Experts will include Eberhard Müller of Neumann & Müller, Wolfgang Fe from Klotz, Norbert Nachbauer from Neutrik, Jürgen Wilhelm from Yamaha, Sennheiser's Gregor Zielinsky and Ralf Zuleeg from d&b audiotechnik.
Its membership of leading engineers, scientists and other authorities has greatly boosted the society's stature and that of its members in a truly symbiotic relationship.
The AES serves its members, the industry and the public by stimulating and facilitating advances in audio technology.
It encourages and disseminates new developments through annual technical meetings and exhibitions of professional equipment, and through the Journal of the Audio Engineering Society, the AES' professional archival publication for the audio industry, which is distributed worldwide.
The AES stages annual conventions in the US and Europe. Each meeting offers valuable educational opportunities, including a full programme of technical papers, seminars and workshops covering current research and new technological concepts and applications.
An integral part of each convention is a comprehensive exhibition featuring the latest professional equipment.
The AES membership is international and includes engineers, scientists, executives, educators and students whose interests include virtually every facet of the audio industry.
Each chairperson has also actively collaborated on developing the conference programme.
"The AES is the only convention which acts as a platform for all fields of pro audio, from broadcast to live sound production and recording," claims Furness. "Topics range from research papers about acoustics to a workshop dealing with old-school sound effects technologies today.
"Audio networking, file-based production and surround sound recording are other important subjects covered by the convention programme," explains Furness.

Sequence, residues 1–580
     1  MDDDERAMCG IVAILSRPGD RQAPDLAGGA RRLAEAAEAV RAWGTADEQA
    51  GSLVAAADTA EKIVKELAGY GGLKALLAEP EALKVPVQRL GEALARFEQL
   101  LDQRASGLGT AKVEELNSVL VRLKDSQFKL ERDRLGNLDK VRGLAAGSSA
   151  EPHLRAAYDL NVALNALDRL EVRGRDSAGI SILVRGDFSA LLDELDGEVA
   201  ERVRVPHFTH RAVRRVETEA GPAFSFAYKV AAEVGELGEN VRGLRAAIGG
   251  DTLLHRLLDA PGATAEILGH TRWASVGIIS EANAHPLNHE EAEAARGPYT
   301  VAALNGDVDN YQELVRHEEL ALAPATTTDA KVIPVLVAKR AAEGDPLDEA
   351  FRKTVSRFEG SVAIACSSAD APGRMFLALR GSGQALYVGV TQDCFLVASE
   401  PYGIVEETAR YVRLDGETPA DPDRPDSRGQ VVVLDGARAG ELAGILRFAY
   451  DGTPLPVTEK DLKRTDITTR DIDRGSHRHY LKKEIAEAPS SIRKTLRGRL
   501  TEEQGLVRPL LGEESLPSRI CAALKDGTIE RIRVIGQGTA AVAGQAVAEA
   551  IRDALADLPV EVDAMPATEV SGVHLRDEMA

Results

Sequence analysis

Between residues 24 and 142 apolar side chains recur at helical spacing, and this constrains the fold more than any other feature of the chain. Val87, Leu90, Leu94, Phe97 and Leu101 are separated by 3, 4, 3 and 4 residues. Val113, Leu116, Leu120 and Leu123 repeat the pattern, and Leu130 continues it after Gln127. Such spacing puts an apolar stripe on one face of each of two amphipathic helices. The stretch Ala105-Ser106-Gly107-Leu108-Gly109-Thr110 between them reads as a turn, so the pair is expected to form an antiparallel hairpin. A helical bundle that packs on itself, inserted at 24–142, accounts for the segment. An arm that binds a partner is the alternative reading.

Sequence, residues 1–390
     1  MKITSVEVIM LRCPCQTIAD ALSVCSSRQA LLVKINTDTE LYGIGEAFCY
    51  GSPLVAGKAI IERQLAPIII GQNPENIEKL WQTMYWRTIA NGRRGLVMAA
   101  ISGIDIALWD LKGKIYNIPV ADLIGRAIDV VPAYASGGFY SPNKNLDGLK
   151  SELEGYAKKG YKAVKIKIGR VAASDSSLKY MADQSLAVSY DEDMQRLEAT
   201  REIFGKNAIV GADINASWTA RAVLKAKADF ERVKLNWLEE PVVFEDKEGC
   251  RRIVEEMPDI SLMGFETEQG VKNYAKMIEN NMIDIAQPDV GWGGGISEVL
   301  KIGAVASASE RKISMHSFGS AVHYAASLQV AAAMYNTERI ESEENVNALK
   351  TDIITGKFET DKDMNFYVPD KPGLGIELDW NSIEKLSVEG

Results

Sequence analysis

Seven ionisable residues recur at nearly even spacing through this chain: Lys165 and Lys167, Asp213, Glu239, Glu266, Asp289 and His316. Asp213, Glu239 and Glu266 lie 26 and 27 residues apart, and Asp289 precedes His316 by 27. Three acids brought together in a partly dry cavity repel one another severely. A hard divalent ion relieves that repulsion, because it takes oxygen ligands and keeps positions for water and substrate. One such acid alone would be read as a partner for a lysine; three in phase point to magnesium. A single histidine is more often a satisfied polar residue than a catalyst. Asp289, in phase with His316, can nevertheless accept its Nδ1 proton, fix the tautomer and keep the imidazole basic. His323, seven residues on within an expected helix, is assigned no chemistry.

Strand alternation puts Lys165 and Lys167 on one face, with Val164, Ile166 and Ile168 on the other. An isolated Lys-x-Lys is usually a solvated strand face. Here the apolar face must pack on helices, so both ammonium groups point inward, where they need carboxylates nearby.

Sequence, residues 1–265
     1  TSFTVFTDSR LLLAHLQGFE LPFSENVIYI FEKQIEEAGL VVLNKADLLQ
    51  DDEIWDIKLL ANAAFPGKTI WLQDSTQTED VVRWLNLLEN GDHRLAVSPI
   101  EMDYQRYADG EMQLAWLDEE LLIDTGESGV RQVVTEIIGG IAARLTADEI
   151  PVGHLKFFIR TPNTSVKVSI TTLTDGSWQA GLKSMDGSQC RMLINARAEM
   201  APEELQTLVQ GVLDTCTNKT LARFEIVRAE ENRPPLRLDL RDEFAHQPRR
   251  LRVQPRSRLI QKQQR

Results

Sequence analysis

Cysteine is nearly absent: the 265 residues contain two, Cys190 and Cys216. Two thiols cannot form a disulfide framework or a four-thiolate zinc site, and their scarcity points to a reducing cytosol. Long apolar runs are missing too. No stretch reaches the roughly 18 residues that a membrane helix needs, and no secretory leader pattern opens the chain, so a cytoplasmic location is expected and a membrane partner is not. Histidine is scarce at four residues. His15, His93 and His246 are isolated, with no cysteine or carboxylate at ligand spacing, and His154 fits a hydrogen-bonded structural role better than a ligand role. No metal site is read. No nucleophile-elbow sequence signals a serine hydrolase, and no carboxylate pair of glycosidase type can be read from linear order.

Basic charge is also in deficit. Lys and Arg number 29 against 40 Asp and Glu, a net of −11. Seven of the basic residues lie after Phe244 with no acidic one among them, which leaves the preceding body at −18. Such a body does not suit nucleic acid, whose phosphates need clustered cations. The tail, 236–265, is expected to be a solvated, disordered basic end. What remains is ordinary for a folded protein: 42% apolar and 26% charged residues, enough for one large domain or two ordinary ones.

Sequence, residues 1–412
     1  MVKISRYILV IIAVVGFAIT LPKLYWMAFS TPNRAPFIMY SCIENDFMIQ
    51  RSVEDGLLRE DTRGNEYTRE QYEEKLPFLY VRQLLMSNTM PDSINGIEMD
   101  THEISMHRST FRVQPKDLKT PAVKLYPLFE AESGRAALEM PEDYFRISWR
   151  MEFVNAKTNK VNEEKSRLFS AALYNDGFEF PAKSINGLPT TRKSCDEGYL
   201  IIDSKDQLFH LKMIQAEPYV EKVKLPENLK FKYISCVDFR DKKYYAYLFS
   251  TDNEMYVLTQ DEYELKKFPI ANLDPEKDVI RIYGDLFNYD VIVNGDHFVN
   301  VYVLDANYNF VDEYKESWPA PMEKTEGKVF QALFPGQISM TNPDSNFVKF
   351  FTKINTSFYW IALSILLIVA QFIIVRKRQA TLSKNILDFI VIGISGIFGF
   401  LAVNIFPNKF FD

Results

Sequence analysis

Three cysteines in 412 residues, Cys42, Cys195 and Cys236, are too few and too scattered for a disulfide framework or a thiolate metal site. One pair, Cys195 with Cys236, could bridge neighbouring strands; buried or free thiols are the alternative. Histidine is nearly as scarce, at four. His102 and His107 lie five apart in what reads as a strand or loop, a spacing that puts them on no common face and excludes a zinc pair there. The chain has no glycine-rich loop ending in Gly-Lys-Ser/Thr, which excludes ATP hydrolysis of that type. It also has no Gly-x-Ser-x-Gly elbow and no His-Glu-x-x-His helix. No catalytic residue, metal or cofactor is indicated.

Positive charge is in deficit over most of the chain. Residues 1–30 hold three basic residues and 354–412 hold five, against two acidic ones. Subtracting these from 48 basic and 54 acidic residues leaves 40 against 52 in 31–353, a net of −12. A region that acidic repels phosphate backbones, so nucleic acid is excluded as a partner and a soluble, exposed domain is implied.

Another highlight of the conference line-up is the inclusion of a series of historical seminars, which will focus on various industry high points from the past 60 years, including the evolution of loudspeaker technology and how the introduction of compact discs forever changed the recording industry.
Online pre-registration for the convention, which will be staged at the RAI Convention Centre in Amsterdam from May 17 to 20, is available now on the AES website, located at www.aes.org.
The small, dedicated group of professional engineers committed to the society in 1948 has grown to more 14,000 members and 169 sections in 48 countries worldwide.
To mark the occasion, the AES New York Section hosted a gathering at NYC's New School for Social Research.
The event was highlighted by a screening of excerpts from the forthcoming AES Oral History Project. Comprised of more than 120 interviews, the anthology was shot by Irv Joel and edited by Harry Hirsch, both members of the Historical Committee.
The AES plans to make interviews from the Oral History Project available on DVD later this year.
Following a welcome from NY section chair Noah Simon, revered audio guru Floyd Toole showcased the trailblazing work of Harry Olson, who presented the first technical paper at the initial AES meeting.
Toole's address illustrated how far the art and science of audio has evolved since 1948.